Silent Hackers: Decoding Passwords Through Key Sounds!
Researchers create system using sound recordings that can work out what is being typed with more than 90% accuracy
According to a study, entering your computer password while having a conversation on platforms like Zoom could potentially expose you to cyber threats. The research suggested that artificial intelligence (AI) has the ability to decipher the keys that are being tapped by simply listening to the sound of the typing. With the rise in usage of video conferencing tools like Zoom and the prevalence of devices with built-in microphones, experts warn that the risk of sound-based cyber-attacks has also increased substantially.
Researchers have reportedly developed a system that can accurately determine over 90% of the keys being typed on a laptop keyboard, by merely relying on the sound recordings.
Dr. Ehsan Toreini, co-author of the study from the University of Surrey, has foreseen an increase in the accuracy of such attacks and models. With the proliferation of smart devices with microphones, he highlights the importance of public discussions regarding the governance of AI.
The research, published as part of the IEEE European Symposium on Security and Privacy Workshops, demonstrates how Toreini and his colleagues used machine-learning algorithms to design a system that could identify which keys were being pressed on a laptop based on the sound. This method was recently implemented on the Enigma cipher device.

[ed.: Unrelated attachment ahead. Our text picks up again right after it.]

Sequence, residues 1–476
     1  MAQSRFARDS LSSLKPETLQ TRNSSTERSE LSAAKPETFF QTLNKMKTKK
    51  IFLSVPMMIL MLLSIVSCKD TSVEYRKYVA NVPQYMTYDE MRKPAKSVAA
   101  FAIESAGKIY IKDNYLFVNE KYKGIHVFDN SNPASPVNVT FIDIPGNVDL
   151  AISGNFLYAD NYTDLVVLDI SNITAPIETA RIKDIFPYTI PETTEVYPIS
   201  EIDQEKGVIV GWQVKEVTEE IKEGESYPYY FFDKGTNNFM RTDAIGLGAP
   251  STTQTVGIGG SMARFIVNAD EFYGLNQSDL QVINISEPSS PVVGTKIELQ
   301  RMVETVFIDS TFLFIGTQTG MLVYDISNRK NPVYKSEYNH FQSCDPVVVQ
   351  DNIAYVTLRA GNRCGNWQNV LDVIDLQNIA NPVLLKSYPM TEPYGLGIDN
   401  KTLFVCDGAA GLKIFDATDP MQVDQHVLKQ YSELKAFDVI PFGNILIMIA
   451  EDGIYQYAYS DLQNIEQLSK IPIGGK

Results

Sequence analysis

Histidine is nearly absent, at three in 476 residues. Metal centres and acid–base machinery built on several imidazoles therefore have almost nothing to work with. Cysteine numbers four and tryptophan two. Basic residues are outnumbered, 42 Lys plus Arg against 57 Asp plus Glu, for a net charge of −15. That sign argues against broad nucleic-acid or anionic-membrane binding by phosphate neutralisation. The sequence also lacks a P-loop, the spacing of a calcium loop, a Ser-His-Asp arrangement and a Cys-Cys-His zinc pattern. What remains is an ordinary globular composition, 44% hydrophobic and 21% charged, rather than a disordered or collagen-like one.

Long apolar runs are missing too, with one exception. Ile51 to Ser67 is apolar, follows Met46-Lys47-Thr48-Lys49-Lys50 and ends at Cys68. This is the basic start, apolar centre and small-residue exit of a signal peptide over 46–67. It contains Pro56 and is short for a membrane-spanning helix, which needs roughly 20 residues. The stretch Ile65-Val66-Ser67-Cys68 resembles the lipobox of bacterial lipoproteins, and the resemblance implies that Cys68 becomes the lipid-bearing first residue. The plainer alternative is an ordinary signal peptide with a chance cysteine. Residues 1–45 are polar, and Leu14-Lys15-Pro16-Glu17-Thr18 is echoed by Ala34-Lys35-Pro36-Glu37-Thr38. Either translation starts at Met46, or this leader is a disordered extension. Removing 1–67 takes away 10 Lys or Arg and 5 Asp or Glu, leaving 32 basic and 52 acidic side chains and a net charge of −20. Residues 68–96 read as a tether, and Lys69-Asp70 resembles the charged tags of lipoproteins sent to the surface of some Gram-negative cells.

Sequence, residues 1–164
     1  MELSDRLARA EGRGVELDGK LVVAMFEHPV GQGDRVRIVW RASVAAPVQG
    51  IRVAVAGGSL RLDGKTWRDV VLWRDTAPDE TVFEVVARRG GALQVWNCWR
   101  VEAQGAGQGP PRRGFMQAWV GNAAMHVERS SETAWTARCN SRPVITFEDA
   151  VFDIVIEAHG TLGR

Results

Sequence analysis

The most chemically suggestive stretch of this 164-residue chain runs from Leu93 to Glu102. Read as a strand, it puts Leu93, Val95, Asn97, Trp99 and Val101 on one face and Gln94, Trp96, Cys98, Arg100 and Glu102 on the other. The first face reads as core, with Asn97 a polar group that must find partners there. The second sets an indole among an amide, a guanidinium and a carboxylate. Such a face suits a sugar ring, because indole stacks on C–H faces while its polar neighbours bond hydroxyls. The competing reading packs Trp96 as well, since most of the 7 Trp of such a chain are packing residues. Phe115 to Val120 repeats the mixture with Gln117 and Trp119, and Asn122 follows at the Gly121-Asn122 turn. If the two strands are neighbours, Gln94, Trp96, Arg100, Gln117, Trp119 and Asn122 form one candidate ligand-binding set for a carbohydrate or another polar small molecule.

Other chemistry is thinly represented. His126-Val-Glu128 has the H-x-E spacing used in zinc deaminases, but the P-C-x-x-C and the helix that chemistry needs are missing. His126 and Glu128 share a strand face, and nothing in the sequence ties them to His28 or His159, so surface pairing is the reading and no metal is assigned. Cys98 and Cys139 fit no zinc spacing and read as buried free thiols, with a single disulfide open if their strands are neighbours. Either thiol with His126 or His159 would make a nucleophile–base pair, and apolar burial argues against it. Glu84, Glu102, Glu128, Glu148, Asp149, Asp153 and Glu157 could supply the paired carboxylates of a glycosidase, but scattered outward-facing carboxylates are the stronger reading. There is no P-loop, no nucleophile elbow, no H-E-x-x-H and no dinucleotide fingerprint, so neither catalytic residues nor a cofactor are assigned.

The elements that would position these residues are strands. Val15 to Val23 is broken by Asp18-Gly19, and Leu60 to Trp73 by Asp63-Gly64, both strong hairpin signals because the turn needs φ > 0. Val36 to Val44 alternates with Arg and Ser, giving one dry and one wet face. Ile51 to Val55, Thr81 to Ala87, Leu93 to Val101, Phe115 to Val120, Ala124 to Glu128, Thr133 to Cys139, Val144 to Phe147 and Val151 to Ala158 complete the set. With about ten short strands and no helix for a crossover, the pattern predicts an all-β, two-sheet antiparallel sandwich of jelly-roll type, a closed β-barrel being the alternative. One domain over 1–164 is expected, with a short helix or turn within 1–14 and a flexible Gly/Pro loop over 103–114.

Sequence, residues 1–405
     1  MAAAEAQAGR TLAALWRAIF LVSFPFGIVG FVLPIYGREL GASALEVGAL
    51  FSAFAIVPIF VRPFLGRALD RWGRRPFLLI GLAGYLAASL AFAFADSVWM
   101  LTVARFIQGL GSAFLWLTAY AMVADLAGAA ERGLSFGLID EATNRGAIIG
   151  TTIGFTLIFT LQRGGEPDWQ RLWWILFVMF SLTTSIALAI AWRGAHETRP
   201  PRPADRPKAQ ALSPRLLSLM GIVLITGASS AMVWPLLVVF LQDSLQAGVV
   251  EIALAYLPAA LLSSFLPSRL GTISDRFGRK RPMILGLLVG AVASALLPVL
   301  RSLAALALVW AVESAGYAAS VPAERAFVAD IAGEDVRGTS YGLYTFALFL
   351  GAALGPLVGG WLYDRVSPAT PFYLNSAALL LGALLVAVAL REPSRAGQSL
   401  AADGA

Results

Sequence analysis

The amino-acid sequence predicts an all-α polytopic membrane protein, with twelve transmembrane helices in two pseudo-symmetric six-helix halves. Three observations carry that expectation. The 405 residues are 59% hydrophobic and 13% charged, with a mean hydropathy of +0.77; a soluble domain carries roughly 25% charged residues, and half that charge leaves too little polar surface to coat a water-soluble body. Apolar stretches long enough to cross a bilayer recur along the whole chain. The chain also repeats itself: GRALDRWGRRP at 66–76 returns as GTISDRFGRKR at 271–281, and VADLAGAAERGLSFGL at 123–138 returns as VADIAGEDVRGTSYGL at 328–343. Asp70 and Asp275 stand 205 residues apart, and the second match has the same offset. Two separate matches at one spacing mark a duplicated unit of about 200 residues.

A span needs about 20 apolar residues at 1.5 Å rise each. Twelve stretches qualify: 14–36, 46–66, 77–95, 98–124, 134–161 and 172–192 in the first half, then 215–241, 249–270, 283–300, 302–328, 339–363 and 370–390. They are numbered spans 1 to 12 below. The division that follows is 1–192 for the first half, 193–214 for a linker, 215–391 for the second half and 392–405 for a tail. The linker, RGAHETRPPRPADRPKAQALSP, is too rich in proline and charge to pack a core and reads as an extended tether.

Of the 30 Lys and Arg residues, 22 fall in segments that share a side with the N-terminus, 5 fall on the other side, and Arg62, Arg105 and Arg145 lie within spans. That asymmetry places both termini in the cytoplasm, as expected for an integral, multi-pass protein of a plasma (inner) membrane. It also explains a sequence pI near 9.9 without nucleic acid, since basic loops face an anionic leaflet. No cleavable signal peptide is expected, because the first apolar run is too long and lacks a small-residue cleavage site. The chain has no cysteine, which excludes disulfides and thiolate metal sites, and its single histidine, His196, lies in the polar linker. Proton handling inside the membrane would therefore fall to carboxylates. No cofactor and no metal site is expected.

The study explains that the researchers consecutively pressed all 36 keys on a MacBook Pro, including all letters and numbers, 25 times each using different fingers and applying varying pressure. The sounds were captured both during a Zoom call and on a smartphone placed close to the keyboard.sity, said it was possible an important influence was how close the keys were to the edge of the keyboard.
According to Dr. Toreini, the varying sounds could be primarily due to the differing positions of the keys. The system was then further tested with the remaining data.
The results showed impressive accuracy, correctly identifying the corresponding keys to their sounds about 95% of the time over a phone call and 93% of the time during a Zoom call.
The study, co-authored by Dr. Maryam Mehrnezhad from the Royal Holloway, University of London, is not the first to demonstrate keystroke identification based on sound. However, its updated methods and unprecedented accuracy set it apart.
While the research was intended to prove a concept and has not been used for real-world scenarios like cracking passwords or eavesdropping in settings like coffee shops, the authors stress the necessity of caution. They highlight that laptops, due to their common keyboard layouts and frequent public use, are highly susceptible. Nonetheless, similar methods could potentially be applied to any keyboard.
The researchers suggest several ways to decrease the risk of such acoustic "side channel attacks," like using biometric passwords or enabling two-step verification systems where available. In cases where these options aren't available, they recommend using a combination of upper and lower case letters, numbers, and symbols by frequently using the shift key.
“It’s very hard to work out when someone lets go of a shift key,” said Harrison.
Additionally, Prof. Feng Hao from the University of Warwick, who was not part of the study, advised caution when typing sensitive information such as passwords on a keyboard during a Zoom call. Besides the sound, even subtle movements of the shoulder and wrist can potentially reveal information about the keys being typed, even if the keyboard is not in the camera's view, he added.